New Release: 'Frankenweenie' – It's alive! Alive! How cool is that?
Tim Burton's juvenile Frankenstein is a playful twist on monster movies with a sweet center
When you see a film like "Frankenweenie" (Disney), Tim Burton's feature-length animated reworking of his early live-action short, how can think of Burton as anything but a big kid working with, as Orson Welles put it, the biggest toy train set a kid ever had? In Burton's case, simply substitute a Frankenstein's laboratory of a stop-motion dollhouse for that toy train and you've got the dream movie studio of cinema's most innocent dark fantasist.
As the title suggests, "Frankenweenie" is an adolescent twist on the classic story, with bright, creative schoolboy Victor Frankenstein as a science nerd and budding filmmaker with a handmade lab / movie studio in the attic of his suburban family home. That's where he brings his devoted pet dog Sparky back to life after a devastating road accident. (The death of Sparky is an understated moment with heavy reverberations.)
Sparky is a success (apart from losing pieces of his patchwork body in his excited reanimation) but his classmates (who all seem to have come from an Addams Family reunion) aren't quite so careful with their experiments. They unleash a mash-up of rampaging creatures spawned from generations of monster movies by way of a child's imagination: a gauze-wrapped mummy, a towering Godzilla by way of Gamera stomping down main street, hopping gremlins giggling through a carnival midway, all in living black and white. Imagine a late show vision taking over a classic animated TV Christmas special.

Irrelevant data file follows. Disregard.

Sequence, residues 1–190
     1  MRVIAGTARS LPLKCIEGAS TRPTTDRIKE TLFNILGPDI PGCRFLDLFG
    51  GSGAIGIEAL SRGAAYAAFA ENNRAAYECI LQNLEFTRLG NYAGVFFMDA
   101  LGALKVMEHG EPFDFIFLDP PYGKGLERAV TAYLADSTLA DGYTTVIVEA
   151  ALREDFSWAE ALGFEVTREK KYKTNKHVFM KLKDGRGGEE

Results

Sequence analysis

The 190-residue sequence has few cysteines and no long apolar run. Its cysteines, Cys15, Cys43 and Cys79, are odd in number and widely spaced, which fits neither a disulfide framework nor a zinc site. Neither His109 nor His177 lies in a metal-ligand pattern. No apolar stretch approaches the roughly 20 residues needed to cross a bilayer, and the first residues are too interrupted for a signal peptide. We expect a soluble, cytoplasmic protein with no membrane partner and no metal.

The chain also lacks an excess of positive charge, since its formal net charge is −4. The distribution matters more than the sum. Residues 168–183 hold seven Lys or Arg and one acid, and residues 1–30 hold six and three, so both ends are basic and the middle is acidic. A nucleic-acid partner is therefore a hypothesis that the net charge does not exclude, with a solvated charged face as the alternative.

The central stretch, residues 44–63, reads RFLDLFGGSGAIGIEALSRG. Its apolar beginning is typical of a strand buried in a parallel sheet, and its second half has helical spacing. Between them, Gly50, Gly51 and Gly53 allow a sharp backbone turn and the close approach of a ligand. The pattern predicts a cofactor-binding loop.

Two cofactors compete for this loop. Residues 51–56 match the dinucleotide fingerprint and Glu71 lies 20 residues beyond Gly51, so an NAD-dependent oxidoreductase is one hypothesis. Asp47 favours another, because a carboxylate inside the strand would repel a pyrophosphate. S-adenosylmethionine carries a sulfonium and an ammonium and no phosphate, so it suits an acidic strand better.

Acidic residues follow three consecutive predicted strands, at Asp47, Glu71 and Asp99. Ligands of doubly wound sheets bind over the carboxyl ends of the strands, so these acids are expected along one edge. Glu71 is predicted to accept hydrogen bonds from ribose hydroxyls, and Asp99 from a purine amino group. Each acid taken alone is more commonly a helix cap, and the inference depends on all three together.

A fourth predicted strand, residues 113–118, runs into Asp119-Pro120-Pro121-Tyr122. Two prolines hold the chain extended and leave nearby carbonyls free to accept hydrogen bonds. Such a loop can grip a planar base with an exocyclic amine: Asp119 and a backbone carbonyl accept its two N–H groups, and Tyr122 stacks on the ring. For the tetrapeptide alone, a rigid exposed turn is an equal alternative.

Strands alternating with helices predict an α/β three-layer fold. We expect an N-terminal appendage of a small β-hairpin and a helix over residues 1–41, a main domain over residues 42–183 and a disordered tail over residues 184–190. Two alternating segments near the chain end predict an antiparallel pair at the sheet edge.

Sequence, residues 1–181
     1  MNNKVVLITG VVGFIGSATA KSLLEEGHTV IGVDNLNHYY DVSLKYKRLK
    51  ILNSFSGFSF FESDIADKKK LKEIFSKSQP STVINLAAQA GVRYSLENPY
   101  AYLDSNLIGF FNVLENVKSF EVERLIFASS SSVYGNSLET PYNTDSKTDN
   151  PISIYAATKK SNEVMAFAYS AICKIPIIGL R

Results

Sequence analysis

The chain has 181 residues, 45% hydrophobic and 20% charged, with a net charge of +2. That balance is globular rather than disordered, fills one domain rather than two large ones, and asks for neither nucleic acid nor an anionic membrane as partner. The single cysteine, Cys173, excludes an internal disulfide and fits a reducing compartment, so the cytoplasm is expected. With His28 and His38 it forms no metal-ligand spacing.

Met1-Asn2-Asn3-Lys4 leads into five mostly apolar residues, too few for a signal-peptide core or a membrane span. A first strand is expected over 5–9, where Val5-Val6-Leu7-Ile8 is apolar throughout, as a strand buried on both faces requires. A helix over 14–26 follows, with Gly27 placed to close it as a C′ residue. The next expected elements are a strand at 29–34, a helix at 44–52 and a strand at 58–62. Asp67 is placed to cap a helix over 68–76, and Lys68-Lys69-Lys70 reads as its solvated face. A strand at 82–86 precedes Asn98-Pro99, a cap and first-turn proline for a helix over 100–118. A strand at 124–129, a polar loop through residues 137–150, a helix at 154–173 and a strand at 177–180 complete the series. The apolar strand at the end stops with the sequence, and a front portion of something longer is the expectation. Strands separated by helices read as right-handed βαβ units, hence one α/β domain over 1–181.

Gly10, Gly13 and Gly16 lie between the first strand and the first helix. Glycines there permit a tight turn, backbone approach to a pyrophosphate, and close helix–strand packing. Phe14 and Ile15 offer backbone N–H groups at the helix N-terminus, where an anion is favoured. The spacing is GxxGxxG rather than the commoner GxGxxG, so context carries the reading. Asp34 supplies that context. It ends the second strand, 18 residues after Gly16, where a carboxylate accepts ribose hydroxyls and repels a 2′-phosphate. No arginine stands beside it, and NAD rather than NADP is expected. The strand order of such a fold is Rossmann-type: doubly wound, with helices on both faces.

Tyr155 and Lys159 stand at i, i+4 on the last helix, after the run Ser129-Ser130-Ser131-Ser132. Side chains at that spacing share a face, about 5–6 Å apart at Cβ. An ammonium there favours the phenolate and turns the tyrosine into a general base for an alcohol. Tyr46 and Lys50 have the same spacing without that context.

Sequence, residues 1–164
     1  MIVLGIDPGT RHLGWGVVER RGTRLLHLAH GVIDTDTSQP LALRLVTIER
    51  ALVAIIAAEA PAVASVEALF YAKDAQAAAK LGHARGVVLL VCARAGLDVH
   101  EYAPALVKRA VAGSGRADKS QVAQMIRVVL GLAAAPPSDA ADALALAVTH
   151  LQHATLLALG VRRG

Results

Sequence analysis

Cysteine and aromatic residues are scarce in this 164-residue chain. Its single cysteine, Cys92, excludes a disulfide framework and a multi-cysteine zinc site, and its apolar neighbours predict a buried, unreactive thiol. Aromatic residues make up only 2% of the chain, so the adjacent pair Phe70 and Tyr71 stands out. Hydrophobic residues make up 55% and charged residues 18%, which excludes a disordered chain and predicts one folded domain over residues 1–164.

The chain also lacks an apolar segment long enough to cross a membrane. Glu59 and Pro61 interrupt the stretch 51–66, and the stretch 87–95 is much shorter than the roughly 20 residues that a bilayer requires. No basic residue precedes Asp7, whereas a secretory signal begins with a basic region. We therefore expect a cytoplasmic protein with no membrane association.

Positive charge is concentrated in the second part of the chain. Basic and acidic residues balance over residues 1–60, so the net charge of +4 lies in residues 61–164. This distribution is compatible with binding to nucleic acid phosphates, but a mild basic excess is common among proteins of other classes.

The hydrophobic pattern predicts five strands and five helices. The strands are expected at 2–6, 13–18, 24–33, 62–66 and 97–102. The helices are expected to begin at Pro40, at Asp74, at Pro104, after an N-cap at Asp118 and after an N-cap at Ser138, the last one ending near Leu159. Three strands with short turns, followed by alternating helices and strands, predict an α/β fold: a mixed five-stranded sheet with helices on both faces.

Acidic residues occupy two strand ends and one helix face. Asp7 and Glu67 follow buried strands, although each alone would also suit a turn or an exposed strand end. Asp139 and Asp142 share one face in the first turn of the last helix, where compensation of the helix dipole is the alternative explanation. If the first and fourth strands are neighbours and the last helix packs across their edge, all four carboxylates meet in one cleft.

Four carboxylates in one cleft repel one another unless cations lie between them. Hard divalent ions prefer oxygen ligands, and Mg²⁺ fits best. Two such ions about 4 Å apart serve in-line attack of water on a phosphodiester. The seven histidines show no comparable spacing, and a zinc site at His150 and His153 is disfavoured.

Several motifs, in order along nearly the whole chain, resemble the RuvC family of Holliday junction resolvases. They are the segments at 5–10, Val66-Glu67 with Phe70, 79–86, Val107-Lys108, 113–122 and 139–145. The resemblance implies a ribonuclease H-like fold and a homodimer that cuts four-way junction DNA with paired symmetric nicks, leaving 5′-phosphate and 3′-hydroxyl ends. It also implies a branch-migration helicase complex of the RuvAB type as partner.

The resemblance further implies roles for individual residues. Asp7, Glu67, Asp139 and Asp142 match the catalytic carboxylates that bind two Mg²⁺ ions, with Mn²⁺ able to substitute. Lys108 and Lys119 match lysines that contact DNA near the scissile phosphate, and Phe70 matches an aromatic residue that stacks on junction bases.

I love stop-motion animation but the loving designs and distinctive textures of this kind of puppet animation are only as successful as the movie they make. I call this one a great success. Burton mixes in a love of horror movies with an innocently ghoulish sense of humor and harmless gross-out gags, capturing that childhood fascination with monster movies and the macabre. And he tells a story with a lot of heart and soul. For all the surgical stitches and electrical boost, this is finally all about a boy and his dog.
"This is a movie that deserves some commendation strictly due to the fact that it exists, and that it exists in a particular way," agrees MSN film critic Glenn Kenny, though he isn't quite so taken with the film as I am. His issue, he admits, is that he was "nagged by the feeling that the main motivating force behind the film is to convey that its makers really, really, really love old-school horror movies."
On Blu-ray, Blu-ray 3D, and DVD. All editions include a short featurette on the "Frankenweenie Touring Exhibit" (with sketches, models, and props from the film) and a music video.
The 2-Disc Blu-ray Combo Pack adds more substantial supplements. The 23-minute "Miniatures in Motion: Bringing Frankenweenie to Life" is a respectable behind-the-scenes featurette that covers the origins of the film, the design and construction of the models, and the art and process of stop-motion animation with plenty of production footage, for adults and kids alike. "Captain Sparky vs. The Flying Saucers" is a new home movie from Victor starring Sparky, and the set includes the original 1984 live-action short that inspired the feature plus a bonus DVD copy.
The Blu-ray 3D edition comes in a four-disc set with the standard Blu-ray and DVD, plus a digital copy. And remember that the Blu-ray 3D edition requires a full HD 3D TV, compatible 3D glasses, and a Blu-ray 3D player.
Also available On Demand (in standard and 3D editions).
See a clip from the film after the jump. Just click on "more" below.